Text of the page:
“Is the funeral arranged?” Cowley asked. “I have the invitations ready.”

“No.” Michael stopped in the cemetery gates, looking out at the sad, silent faces of the protesters. He felt like he might cry at any moment, like only the drive to act was holding him back. “Contact the media. We have other things to deal with.”

He joined the crowd, making eye contact with each quiet figure in turn, falling into the moment of shared sorrow. Tears ran down his cheeks, yet he felt a lightening of his burden, a sense of release.

“Then call the Prime Minister,” he said, turning to the shocked looking Cowley. “I don’t think he’ll want me in his government anymore.”

He pulled out his own phone, found a picture of Chris and showed it to the Neanderthal next to him.

“My husband,” he said.

The Neanderthal pulled a picture out of his pocket, a smiling Neanderthal woman in a flower print dress.

They stood together in grief.

 

*

This story was suggested by my friend Lynda, who thought I could take inspiration from a radio program about evolution and the fact that we now have full DNA sequences for at least two different hominid species besides ourselves.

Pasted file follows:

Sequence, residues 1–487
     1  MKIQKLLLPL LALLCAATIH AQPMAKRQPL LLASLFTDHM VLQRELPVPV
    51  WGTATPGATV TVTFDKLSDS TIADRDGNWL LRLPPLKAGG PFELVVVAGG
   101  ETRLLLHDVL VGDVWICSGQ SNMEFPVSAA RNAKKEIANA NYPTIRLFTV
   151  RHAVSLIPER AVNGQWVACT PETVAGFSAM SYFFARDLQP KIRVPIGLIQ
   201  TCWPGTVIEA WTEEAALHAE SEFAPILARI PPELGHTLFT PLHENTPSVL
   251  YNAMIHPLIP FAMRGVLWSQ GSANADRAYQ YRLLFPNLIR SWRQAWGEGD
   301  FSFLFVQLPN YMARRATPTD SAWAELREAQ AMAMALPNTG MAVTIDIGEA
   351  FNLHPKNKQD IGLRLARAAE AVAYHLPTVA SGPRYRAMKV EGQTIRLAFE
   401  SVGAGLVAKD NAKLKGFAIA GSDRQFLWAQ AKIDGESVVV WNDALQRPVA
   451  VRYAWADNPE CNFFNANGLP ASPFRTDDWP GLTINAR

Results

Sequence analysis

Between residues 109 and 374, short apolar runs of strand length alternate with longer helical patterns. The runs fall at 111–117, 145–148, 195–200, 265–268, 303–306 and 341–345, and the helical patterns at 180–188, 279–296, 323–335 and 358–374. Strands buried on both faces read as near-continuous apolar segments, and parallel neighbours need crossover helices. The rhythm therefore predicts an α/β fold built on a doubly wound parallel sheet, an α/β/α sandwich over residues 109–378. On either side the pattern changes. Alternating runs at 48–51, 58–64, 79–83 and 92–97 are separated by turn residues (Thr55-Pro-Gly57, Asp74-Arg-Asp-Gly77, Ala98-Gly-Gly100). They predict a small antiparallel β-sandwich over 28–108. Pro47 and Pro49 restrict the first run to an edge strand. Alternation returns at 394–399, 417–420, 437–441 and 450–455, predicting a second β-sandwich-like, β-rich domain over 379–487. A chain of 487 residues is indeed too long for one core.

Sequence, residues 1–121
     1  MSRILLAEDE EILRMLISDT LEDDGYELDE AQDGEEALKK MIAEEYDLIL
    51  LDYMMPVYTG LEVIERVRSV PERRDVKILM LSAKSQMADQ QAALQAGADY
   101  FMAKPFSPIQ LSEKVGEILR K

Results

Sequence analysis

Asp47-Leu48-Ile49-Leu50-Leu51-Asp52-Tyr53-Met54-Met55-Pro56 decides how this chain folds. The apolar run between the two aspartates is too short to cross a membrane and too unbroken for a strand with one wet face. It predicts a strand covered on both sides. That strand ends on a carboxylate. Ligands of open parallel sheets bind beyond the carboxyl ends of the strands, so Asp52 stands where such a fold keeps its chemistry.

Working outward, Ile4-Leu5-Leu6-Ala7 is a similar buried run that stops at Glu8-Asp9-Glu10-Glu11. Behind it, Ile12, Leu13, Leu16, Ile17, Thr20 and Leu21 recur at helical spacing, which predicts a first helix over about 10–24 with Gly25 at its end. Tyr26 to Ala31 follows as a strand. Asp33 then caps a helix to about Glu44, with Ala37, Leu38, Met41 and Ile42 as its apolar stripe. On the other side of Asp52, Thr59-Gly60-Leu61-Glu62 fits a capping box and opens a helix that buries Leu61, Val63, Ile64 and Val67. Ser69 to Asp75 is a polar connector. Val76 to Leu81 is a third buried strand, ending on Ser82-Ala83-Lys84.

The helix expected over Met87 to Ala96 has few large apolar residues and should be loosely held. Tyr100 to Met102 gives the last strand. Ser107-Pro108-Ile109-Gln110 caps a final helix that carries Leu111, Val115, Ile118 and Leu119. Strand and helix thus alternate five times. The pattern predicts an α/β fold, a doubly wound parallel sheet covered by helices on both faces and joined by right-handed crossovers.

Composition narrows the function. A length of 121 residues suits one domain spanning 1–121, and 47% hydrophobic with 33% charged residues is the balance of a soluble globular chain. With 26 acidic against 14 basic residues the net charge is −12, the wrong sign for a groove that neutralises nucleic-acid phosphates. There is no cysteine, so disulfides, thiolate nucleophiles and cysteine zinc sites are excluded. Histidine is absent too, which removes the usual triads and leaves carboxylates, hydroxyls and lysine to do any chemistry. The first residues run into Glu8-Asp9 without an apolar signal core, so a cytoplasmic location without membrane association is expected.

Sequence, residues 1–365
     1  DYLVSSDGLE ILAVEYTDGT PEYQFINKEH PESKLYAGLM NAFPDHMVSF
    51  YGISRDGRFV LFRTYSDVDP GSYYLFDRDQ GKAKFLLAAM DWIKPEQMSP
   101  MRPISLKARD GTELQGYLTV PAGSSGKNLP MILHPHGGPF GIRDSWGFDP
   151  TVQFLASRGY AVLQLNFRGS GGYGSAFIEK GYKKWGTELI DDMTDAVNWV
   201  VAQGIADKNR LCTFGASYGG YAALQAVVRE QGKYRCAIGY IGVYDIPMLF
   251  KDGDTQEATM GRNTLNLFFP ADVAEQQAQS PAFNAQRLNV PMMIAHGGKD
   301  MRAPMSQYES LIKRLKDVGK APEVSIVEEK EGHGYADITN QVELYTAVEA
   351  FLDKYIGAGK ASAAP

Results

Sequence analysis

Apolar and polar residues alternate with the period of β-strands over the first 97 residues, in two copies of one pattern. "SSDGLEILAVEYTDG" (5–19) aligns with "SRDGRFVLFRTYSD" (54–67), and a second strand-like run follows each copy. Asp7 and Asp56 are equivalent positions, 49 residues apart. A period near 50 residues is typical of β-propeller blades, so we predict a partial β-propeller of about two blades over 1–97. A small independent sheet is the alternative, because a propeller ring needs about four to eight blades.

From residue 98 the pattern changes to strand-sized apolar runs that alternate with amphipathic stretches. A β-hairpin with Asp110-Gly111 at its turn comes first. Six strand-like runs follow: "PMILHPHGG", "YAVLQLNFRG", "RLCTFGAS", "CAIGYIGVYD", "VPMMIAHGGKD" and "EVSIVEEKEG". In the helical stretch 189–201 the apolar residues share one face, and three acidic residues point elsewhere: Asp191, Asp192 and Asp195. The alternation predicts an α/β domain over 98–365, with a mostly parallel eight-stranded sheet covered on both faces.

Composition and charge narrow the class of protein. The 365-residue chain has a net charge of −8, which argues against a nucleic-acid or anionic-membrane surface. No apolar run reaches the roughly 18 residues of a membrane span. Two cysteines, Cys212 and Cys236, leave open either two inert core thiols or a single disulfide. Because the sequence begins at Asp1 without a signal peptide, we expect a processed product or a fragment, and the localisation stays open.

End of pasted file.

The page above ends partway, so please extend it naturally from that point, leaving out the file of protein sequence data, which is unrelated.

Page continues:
Challenge accepted, and completed.

I already have a few ideas for future flash Friday stories based on other people’s comments, but if you have a suggestion then please leave a comment and I’ll add it to my ideas list. It’s always good to get more ideas.

If you enjoyed this you might also like my other Flash Friday stories, a growing collection of very short fiction. And for more science fiction stories, check out my ebook Lies We Will Tell Ourselves.

Around three in the morning Bradley realised that the grief was too much for him. A shape had appeared on the hospital bed, curled up beside Jen in the soft light from the bedside lamp. A baby, as small and wrinkled and perfect as he had always imagined, curled up in a white blanket. A hallucination taunting his sleepless brain.

The infant opened its eyes, peered around with the unfocused gaze of a new-born. Bradley wanted to reach out and take it in his arms, to hold it safe and close.

‘You’re not real,’ he whispered. Jen wouldn’t hear him, she was too wiped out by morphine and blood loss, but the louder he spoke the more real this would be. ‘We lost you.’